Plumbing the depths of Arctic dream for oil and gas

Plumbing the depths of Arctic dream for oil and gas
A tanker capable of carrying liquefied natural gas sailing in the Arctic region. The melting ice in the Arctic is being watched not just by anxious climate scientists but by global energy and shipping businesses.

The earth is getting warmer and, with it, the world's coldest places are emerging as hot new business prospects. The melting ice in the Arctic is being watched not just by anxious climate scientists but by global energy and shipping businesses.

It was thus ironic that five energy-hungry Asian countries - China, India, Japan, Singapore and South Korea - were invited to join the Arctic Council as permanent observers, just as atmospheric carbon dioxide levels reached a historic high.

Against this precarious backdrop, it would be wiser to focus on curbing future emissions than on the chimera of business gains offered by an ice-free Arctic.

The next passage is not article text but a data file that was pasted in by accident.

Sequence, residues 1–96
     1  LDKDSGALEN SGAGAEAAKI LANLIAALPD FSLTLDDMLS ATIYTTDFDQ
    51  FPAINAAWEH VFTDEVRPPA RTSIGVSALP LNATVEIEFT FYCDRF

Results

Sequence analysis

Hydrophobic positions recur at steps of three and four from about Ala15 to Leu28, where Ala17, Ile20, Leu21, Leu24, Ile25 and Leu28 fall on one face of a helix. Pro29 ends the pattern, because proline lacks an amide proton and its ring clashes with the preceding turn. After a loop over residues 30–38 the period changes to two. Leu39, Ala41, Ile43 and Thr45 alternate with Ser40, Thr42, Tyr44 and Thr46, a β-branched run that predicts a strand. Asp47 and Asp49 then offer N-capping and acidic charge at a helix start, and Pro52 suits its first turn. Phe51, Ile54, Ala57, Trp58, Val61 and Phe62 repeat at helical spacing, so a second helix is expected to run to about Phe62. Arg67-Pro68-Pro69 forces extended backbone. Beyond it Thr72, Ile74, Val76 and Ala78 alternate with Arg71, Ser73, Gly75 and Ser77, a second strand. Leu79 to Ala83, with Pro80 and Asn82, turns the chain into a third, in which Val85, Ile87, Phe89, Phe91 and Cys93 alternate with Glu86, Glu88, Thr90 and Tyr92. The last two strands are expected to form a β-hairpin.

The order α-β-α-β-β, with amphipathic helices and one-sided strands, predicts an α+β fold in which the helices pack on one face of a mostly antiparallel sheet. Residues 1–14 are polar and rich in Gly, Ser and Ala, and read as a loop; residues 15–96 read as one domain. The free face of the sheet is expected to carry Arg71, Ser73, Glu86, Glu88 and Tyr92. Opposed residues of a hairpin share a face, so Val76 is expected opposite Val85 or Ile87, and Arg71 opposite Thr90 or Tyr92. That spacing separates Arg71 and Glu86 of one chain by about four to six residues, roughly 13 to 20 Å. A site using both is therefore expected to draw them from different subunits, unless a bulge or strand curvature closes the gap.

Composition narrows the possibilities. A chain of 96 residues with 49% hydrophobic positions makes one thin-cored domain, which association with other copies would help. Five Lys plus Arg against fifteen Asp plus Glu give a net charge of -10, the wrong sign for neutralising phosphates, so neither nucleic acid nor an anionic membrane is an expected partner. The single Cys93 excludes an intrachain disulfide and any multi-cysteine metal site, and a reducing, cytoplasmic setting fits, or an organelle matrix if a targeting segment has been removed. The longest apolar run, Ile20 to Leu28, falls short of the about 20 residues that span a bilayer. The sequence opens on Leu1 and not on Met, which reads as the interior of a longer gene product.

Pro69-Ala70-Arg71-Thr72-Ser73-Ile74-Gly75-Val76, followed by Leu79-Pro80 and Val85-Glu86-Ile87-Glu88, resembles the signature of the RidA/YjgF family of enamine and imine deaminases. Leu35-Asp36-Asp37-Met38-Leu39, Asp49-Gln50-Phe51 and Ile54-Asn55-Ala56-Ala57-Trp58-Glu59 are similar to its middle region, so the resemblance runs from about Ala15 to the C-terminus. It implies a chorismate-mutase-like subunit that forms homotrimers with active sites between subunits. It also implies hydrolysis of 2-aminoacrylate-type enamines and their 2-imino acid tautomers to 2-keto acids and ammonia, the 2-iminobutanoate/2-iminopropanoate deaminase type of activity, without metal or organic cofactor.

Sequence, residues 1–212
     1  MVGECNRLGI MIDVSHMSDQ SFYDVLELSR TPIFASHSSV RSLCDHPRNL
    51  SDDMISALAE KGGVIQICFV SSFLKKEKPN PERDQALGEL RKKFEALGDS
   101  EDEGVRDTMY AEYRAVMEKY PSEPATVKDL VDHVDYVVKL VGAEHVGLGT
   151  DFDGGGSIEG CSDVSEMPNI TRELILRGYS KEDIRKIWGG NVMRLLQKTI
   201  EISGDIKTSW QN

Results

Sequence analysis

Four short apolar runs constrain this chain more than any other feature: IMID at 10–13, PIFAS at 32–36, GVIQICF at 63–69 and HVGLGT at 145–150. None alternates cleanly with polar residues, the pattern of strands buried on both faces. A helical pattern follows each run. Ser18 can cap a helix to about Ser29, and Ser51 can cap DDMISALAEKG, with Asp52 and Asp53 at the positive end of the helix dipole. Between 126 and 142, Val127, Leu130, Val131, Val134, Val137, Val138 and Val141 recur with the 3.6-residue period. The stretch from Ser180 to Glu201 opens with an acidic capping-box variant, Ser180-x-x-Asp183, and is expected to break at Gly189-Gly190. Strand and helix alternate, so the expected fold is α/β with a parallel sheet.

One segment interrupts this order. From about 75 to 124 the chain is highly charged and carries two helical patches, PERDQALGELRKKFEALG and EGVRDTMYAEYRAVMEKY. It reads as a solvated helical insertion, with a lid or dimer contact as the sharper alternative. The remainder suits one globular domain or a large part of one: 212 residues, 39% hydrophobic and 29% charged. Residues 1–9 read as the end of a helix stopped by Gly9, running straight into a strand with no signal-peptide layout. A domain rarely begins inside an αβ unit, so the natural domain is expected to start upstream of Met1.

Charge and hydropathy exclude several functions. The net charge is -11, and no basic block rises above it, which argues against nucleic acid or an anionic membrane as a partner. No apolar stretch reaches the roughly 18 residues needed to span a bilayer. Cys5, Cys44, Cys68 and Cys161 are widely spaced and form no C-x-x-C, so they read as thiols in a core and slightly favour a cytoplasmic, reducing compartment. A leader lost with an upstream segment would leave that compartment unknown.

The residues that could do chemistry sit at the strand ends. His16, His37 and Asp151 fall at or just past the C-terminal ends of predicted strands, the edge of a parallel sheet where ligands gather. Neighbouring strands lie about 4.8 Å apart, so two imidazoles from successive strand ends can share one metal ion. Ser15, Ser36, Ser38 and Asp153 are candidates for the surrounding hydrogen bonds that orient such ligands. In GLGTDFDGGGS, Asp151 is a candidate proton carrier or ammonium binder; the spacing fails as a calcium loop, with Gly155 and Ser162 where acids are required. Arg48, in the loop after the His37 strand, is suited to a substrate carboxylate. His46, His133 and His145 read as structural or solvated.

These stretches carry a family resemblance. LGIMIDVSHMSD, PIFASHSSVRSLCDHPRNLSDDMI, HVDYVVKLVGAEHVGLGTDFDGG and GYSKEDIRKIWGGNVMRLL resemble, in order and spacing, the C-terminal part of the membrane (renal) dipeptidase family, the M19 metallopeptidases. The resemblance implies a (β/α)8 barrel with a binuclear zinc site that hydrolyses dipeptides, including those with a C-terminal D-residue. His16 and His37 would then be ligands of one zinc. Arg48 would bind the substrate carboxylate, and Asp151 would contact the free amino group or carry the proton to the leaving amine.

The May 15 decision of the Arctic Council to invite six non-Arctic nations (Italy is the sixth) is designed to give the latter a ringside seat when decisions are made about seabed mining, fishing and shipping through the ice-free water in the summer months.

Although the exploitation of Arctic waters would be subject to the 322km exclusive economic zone, undersea exploration for gas, oil and minerals is likely to emerge as a hotly contested issue. The new observers would be able to contribute to the deliberations even if they do not have a vote.

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